Among gold miners, there may be no mid-cap or large cap that has a more attractive valuation based on the P/CFPS ratio than Kinross Gold (NYSE:KGC).
Kinross got itself into a lot of trouble earlier in the decade when it acquired Red Back Mining for $7.1 billion in order to gain hold of the company's flagship Tasiast Mine. Due to gold's devaluation beginning in 2011, Kinross was forced to write down the value of its purchase by nearly $5.6 billion in the years to follow. However, Kinross earlier this year announced a ramp-up in production at Tasiast that'll boost milling capacity by 50% to 12,000 tons of ore per day by the Q1 2018. This move, which is costing Kinross an estimated $728 million in expansion and stripping costs, should lower Tasiast's cash costs by more than 45% to $535 an ounce, and its AISC could dip below $700 per gold ounce with continued expansion.
Kinross has also been maneuvering to gives itself more financial flexibility. Following its Q3 debt maturities, the company has no debt coming due until 2020, which is a major financial burden lifted off its and shareholders' backs. It's also been spending far more wisely than it did in 2010, meaning we're seeing lower capital expenditures as a whole.
Trading at only $4.34 a share as of Aug. 25, Kinross is forecast by Wall Street to generate $0.85 in CFPS in 2016, $1.02 in 2017, and $0.99 in 2018. In other words, Kinross is trading at just five times its CFPS this year and four times its 2017 and 2018 forecasts. That's cheap!
For those who like to speculate
For those precious metal investors out there who have a stomach of iron and can tolerate the volatility seen in smaller-cap miners, you could also give serious consideration to beaten-down miners Primero Mining (NYSE:PPP) or Great Panther Silver (NYSEMKT:GPL).
Primero Mining has been dealing with significantly higher costs in 2016, along with an ongoing tax overhang. In Q1, it shut down portions of its San Dimas mine to improve safety aspects of the mine, which reduced gold output and raised costs. Its Mexican subsidiary has also been quarreling with Mexican tax authorities who've attempted to invalidate the company's Advanced Pricing Agreement. The APA is what determines how much of Primero's profit the Mexican government receives. These overhangs have crushed its share price.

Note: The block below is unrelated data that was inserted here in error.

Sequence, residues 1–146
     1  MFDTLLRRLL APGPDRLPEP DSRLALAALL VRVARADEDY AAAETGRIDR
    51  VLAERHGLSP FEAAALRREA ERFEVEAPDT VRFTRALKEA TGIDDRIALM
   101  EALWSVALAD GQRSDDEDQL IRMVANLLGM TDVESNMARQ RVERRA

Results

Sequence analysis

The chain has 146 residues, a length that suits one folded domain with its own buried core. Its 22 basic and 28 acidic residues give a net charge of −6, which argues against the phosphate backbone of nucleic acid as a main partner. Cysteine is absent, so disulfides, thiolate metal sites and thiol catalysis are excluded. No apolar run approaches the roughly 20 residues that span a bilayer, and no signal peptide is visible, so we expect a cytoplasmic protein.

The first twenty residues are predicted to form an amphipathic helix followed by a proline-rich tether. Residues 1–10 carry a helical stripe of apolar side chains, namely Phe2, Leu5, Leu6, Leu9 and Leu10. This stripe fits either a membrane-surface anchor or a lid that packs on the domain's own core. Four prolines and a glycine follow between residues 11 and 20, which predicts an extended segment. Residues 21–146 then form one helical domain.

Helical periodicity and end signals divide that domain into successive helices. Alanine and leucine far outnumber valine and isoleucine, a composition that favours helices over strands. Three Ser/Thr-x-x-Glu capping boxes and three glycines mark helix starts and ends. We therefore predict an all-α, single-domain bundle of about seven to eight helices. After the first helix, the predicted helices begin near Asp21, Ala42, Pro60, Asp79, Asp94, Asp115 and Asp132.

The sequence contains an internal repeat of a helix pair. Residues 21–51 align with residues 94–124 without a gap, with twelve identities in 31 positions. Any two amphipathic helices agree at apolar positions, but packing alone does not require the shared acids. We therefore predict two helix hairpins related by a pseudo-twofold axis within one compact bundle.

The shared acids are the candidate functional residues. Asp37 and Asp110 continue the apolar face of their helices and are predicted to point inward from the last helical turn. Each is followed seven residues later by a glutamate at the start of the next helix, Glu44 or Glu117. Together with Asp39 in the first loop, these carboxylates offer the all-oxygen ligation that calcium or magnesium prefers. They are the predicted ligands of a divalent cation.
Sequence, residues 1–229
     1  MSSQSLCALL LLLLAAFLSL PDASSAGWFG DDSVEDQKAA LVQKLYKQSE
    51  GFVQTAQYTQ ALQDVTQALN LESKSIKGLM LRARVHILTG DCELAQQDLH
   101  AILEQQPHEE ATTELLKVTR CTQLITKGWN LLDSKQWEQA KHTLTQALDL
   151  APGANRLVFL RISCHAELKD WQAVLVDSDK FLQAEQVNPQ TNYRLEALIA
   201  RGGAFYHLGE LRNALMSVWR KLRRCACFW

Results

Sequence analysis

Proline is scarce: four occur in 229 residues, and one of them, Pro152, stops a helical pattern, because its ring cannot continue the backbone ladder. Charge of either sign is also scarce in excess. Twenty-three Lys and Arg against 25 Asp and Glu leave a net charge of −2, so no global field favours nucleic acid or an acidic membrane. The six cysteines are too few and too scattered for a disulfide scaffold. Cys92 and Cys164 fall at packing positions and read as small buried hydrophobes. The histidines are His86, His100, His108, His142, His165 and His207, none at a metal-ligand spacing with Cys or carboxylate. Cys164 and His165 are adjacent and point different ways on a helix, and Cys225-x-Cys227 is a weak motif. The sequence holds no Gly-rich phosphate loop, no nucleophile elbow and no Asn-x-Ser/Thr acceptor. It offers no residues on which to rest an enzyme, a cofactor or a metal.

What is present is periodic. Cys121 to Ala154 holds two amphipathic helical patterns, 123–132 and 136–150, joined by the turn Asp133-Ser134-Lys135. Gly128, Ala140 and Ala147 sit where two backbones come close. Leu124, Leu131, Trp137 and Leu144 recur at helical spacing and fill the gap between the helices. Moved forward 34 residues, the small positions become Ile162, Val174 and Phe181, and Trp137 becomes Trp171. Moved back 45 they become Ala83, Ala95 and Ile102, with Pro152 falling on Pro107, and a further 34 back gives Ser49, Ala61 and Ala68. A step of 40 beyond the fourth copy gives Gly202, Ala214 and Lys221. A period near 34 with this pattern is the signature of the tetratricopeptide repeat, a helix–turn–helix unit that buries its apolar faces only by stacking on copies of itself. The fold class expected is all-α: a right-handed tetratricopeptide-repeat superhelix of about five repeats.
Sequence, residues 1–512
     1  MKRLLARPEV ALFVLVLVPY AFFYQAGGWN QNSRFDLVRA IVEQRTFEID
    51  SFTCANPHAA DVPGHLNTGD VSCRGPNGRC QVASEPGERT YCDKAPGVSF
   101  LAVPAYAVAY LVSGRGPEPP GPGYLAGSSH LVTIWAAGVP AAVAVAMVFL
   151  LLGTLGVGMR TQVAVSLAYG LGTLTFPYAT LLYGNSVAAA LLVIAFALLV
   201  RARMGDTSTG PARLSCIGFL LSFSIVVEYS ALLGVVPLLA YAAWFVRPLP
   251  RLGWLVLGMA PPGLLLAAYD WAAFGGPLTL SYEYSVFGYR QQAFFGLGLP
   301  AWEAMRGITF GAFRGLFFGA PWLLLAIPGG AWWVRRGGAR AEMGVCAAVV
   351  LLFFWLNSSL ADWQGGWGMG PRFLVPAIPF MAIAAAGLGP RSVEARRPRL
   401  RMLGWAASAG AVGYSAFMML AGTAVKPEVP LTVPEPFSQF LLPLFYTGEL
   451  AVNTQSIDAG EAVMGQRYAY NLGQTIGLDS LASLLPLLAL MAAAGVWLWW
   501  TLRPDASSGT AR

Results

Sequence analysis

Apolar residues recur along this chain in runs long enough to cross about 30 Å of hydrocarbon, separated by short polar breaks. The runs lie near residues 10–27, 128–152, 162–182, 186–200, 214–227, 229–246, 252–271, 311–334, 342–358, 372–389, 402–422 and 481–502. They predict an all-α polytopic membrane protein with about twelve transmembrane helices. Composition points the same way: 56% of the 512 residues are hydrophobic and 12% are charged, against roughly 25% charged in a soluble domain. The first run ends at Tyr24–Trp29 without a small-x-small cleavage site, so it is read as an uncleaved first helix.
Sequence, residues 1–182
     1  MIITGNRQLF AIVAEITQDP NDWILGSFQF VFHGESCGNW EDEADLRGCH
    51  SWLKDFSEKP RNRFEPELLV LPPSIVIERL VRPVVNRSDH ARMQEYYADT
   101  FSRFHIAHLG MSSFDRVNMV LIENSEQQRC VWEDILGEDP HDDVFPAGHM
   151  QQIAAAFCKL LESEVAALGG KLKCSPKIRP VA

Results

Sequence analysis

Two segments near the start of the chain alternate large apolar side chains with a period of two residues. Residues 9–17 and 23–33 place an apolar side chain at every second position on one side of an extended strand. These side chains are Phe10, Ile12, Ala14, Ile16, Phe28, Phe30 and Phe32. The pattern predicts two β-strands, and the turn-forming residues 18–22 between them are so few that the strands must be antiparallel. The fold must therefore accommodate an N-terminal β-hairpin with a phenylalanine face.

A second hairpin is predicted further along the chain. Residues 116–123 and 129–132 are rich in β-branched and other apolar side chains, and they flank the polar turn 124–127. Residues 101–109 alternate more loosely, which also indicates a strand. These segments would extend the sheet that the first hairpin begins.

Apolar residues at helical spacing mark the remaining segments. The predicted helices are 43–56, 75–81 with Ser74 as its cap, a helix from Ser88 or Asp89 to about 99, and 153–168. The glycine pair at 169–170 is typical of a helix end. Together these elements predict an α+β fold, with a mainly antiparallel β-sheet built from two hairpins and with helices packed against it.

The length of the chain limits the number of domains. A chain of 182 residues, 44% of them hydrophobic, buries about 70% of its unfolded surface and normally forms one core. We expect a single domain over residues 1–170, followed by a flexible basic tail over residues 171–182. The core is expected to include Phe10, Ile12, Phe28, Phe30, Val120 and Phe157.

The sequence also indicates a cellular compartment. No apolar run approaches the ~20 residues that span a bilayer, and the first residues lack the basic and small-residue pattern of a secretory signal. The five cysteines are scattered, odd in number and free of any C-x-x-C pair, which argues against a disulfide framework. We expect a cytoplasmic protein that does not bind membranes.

However, we're also looking at a lot of near-term issues that should give way to long-term production growth and substantially lower costs. San Dimas has generated consistent growth for years at a low cost, while AISC at Black Fox in Canada has been steadily dropping. Once Cerro del Gallo comes on line in the popular Guanajuato district in Mexico, we could be looking at a surprisingly low-cost miner. Primero is currently valued at less than three times its projected cash flow per share in 2017.
Silver and gold miner Great Panther Silver has been beaten down by high mining costs, and more recently a quarterly loss of $0.01 per share, which was a penny worse than Wall Street was forecasting. But look closely at its Q2 results and you'll see that things are on the cusp of quick improvement.
For example, the company actually generated $13.2 million in operating earnings before one-time costs dragged it to a $0.01 adjusted loss per share. This came on the heels of a 74% reduction in cash costs and a 43% drop in AISC to just $7.19 per silver ounce. To be clear, Great Panther expects the midpoint of its silver-based AISC to be $13 an ounce in 2016, which is down $1 at the midpoint from its prior guidance. Higher metal prices are enticing Great Panther to invest in exploratory projects. But we're still talking about a company with more than $5 in silver margin per ounce at an AISC of $13. Though Wall Street doesn't offer CFPS estimates for Great Panther Silver, it's my belief that in 2017 the company could generate $0.20 to $0.30 in CFPS. On Aug. 25, its stock closed at just $1.24 a share.
If you're a value investor on the prowl for cheap stocks, precious metal mining stocks should be high on your list.